After some google searches, I found multiple tools with overlapping functionality for viewing, merging, pileuping, etc. I have not got time to try these tools, so will just see if anyone already know the answer: what is the difference between them? Performance? Features? Or something else? Which one is generally preferred? Samtools?
The obvious answer is that different people wrote them. It's fairly common in bioinformatics for people with a computer science background to get frustrated with existing tools and create their own alternative tool (rather than improving an existing tool). Over time, tools with similar initial aims will have popular functionality implemented in them (and eventually have bugs fixed), such that it matters less which particular tool is used for common methods.
Here's my impression of the tools:
samtools -- originally written by Heng Li (who also wrote BWA). The people who now work on samtools also maintain the alignment file format specification for SAM, BAM, and CRAM, so any new file format features are likely to be implemented in samtools first.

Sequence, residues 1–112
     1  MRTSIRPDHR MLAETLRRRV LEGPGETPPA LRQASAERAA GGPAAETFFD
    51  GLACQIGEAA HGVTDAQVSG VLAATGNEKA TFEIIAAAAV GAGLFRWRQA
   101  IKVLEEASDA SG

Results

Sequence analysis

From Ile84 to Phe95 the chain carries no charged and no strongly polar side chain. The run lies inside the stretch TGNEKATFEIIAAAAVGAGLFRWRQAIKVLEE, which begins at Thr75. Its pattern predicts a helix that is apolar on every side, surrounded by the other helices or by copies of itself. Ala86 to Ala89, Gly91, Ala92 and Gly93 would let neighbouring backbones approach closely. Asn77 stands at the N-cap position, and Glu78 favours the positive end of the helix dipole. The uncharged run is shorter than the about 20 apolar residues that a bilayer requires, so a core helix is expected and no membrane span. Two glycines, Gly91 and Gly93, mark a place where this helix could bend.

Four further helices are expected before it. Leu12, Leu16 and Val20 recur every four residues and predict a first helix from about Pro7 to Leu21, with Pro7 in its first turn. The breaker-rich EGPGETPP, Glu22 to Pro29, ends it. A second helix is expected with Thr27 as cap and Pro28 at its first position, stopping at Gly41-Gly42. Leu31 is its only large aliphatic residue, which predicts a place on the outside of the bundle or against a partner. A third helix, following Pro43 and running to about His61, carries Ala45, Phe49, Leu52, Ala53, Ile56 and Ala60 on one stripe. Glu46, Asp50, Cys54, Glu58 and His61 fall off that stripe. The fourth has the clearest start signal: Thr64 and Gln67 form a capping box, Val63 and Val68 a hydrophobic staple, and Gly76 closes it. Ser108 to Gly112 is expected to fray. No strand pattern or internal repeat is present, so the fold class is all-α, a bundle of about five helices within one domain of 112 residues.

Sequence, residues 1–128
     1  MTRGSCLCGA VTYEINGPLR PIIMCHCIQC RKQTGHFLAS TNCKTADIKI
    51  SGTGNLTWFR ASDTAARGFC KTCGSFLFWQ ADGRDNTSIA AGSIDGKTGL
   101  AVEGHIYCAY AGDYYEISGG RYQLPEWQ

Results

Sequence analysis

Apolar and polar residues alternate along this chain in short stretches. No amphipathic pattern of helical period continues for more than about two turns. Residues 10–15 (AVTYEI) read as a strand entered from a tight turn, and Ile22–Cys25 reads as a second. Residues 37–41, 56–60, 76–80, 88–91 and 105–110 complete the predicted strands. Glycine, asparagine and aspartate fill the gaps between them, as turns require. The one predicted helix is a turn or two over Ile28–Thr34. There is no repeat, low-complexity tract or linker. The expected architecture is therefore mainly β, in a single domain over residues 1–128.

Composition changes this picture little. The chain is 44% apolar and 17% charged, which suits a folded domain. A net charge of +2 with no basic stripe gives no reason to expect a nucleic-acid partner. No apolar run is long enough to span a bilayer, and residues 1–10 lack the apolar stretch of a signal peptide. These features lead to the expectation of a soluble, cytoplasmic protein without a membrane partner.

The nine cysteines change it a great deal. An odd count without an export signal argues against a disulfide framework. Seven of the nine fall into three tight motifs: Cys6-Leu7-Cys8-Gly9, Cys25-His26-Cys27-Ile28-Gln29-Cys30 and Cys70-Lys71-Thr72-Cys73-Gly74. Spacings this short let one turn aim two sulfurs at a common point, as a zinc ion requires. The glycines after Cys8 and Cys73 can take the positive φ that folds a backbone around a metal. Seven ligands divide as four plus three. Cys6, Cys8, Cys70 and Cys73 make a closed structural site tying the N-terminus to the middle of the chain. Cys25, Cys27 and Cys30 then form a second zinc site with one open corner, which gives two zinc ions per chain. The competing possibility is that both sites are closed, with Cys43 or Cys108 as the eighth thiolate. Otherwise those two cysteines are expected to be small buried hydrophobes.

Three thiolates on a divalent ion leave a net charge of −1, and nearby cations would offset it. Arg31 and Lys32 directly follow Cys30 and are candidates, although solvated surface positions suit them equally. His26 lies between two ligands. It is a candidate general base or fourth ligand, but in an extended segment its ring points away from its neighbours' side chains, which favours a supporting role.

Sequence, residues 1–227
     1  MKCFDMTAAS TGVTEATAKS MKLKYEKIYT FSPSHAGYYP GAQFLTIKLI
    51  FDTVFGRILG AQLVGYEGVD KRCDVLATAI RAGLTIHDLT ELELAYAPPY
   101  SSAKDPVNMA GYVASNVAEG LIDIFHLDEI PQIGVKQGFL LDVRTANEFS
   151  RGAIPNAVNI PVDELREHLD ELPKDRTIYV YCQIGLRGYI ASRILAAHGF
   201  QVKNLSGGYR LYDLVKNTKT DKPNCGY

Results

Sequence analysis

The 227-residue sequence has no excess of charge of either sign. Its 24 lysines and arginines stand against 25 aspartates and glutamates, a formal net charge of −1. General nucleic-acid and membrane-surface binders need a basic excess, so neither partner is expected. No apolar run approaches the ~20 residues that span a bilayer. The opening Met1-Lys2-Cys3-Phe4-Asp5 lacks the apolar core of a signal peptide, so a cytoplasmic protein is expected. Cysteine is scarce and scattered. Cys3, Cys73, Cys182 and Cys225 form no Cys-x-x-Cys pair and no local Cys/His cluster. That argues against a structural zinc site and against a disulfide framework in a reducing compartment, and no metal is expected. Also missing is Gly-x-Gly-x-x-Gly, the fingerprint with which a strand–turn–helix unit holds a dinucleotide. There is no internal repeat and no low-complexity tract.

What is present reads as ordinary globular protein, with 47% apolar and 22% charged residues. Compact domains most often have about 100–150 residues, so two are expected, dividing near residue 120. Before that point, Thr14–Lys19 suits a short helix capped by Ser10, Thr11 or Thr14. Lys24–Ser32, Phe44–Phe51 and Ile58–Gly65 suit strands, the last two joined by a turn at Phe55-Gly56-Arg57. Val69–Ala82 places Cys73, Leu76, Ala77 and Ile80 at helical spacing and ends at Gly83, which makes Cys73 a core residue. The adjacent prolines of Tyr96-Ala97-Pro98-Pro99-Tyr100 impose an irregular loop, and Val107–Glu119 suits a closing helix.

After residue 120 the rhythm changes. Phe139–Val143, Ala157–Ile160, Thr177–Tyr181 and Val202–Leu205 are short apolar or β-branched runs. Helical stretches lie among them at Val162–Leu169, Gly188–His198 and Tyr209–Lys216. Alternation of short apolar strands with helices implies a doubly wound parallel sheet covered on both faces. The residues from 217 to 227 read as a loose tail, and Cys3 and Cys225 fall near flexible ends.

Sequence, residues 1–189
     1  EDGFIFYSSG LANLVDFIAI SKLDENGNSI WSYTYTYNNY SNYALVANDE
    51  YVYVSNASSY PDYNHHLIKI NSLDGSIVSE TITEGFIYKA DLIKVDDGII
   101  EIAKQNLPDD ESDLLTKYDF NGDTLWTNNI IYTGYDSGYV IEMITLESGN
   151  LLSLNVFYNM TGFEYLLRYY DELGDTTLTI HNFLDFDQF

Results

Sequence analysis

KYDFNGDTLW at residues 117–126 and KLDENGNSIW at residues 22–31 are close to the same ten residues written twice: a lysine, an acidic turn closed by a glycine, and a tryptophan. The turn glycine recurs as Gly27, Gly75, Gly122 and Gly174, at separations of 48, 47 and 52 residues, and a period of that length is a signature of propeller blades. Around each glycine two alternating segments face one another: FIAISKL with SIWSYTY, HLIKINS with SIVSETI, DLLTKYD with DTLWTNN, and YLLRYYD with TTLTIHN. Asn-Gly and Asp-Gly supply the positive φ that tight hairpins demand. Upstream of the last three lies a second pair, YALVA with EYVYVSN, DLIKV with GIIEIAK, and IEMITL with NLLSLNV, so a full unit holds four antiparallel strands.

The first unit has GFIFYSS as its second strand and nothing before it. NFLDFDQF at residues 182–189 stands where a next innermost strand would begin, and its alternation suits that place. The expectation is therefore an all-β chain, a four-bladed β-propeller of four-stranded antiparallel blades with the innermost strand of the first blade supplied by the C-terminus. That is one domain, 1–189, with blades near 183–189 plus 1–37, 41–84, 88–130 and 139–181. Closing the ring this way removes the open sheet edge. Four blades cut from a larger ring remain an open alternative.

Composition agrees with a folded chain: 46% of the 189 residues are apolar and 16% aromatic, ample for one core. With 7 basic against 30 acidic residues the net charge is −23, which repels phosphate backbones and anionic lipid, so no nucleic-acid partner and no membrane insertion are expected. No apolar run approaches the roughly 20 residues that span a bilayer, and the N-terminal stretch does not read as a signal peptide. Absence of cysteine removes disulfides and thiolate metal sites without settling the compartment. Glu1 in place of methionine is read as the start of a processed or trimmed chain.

bamtools -- this looks like it was written by Derek Barnett, Erik Garrison, Gabor Marth, Michael Stromberg to mirror the samtools toolkit, but using C++ instead of C
picard -- Java tools written by the Broad Institute for manipulating BAM/SAM files. Being written in Java makes it easier to port to other operating systems, so it may work better on Windows systems. I'm more familiar with picard being used at a filtering level (e.g. removing PCR duplicates), and for statistical analysis, but it links in with the Java HTS library from samtools, so probably shares a lot of the functionality.
sambamba -- a GPL2-licensed toolkit written in the D programming language (presumably by Artem Tarasov and Pjotr Prins). I haven't used it (and don't know people who have used it), but the github page suggests "For almost 5 years the main advantage over samtools was parallelized BAM reading. Finally in March 2017 samtools 1.4 was released, reaching parity on this."
biobambam -- written by German Tischler in C++. I also have no experience with this toolkit. This seems to have some multithreading capability, but is otherwise similar to other toolkits.